Theme Of Women In Shashi Deshpande

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Indian Writing in English has been entered a new phase in finding the New Woman, a dissatisfied woman with the cultural and sexual roles assigned by the patriarchal society. The New woman attempts to rebel against the cultural and social oppressions. But at the same time she cannot reject the cultural social background in total. There is a female dilemma a conflict in her mind. Because of this conflict she cannot depict her revolutionary spirit to the highest level. Women, in India, were long unaware of their miserable condition. It was only with the advent of the Indian Renaissance, the new education, political struggles and the ever-increasing western impact that they began to show some signs of awakening. Fortunately, there were many …show more content…
Shashi Deshpande is writing at the transition of tradition to modern. The woman in this state is neither free nor dependent. She is in between the two. There is an urge for the identity and independence in them. The collision of culture and the revolutionary spirit of woman are vividly portrayed in the novels of Shashi Deshpande. The main theme of her novels is redefining the role of new woman and reinforcing the state of confusion imposed by the age old tradition in the patriarchal society. Shashi Deshpande's novels depict the Indian Women who are at the cross roads and the protagonists suffer to overcome the cultural barriers on the way to 'self identity'. She attempts to closely analyze man-woman relationship within the perimeters of family and the contemporary social set-up. The women she portrays are educated urban middle class women who are in search of their 'total personality' in the fragments of shattered roles in family, career and society. She primarily focuses on the captivating problems and the suffocating environs of her heroines, who struggle hard in this malicious and callous male-dominated world to discover their true identity. Deshpande has thrashed women’s problems and situations in a fast-changing social scenario. We cannot brand her either as 'typical Western liberated or an orthodox Indian …show more content…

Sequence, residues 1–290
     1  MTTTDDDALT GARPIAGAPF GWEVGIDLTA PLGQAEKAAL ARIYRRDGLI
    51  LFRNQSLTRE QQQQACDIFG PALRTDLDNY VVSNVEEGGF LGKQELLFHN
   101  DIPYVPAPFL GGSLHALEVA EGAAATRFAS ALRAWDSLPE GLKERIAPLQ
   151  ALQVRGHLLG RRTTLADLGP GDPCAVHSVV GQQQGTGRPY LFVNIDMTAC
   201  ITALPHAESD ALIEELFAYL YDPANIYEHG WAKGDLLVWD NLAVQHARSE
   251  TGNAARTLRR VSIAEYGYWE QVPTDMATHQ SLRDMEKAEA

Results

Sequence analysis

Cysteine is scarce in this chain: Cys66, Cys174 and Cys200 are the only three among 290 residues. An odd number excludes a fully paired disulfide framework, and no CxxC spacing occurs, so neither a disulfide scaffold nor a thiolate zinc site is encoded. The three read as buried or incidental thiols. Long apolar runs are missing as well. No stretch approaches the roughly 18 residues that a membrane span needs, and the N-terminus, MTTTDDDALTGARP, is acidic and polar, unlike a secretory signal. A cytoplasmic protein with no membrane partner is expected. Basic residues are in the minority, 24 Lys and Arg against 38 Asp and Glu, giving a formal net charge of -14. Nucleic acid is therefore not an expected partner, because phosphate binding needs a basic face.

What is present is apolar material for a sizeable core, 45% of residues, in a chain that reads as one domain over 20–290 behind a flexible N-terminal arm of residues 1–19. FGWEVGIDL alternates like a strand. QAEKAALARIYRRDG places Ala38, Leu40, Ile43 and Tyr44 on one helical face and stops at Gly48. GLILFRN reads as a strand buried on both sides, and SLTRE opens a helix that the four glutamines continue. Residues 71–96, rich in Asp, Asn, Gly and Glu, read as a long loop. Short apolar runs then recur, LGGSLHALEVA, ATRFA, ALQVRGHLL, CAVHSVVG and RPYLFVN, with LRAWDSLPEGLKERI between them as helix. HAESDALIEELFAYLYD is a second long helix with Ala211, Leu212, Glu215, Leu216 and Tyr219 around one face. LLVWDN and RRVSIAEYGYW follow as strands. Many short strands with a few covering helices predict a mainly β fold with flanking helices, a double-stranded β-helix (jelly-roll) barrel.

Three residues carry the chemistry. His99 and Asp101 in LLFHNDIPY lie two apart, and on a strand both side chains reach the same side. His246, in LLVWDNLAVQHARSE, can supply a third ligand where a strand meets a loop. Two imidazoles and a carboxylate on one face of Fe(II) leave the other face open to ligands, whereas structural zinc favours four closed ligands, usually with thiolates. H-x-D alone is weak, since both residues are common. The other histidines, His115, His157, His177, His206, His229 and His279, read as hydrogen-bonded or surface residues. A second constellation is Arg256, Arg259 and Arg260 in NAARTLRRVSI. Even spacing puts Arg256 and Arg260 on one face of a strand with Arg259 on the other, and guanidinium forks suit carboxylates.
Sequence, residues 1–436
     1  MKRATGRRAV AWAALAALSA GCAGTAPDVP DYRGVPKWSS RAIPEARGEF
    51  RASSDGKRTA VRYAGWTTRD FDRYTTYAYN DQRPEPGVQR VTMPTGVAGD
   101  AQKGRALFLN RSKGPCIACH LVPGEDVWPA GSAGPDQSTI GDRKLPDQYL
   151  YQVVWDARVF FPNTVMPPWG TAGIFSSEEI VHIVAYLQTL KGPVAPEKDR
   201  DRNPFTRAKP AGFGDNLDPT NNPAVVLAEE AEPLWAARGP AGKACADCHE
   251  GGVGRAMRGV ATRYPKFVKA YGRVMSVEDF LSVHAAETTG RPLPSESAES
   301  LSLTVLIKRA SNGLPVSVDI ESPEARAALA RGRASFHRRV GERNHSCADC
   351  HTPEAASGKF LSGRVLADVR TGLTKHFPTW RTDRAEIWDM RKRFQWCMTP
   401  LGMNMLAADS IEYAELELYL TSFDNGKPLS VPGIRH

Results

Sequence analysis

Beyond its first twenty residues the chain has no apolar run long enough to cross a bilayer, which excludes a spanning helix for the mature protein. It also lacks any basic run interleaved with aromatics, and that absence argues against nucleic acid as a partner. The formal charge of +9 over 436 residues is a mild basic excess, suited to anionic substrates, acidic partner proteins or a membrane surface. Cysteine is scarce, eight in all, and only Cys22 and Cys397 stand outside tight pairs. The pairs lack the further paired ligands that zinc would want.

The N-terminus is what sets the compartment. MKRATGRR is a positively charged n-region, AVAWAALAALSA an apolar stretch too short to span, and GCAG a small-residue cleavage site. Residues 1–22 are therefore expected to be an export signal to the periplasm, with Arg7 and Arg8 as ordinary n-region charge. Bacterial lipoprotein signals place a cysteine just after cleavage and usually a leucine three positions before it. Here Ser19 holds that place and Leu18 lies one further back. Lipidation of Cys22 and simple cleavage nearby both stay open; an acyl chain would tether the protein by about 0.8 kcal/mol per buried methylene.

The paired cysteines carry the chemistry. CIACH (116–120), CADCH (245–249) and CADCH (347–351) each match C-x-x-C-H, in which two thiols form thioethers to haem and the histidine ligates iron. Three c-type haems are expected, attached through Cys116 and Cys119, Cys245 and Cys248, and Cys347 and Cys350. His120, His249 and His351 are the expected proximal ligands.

Both are educated middle class women, confronted by the female dilemma. Sarita (saru) a career woman has been tortured by her husband physically. In The Dark Holds No Terrors Saru has been a successful doctor in the day but a 'terrified trapped animal' at night in the hands of her husband, Manu. The economical freedom and the social status she has got with the help of her profession have disturbed the 'male-ego' of Manu. Saru is not ready to compromise and so the ego of the two becomes the base for the problem which destroys the happiness they found in their love marriage. The tortures are endless and Saru has been driven to her long forgotten parental home where she finds the time for self- analysis and self-

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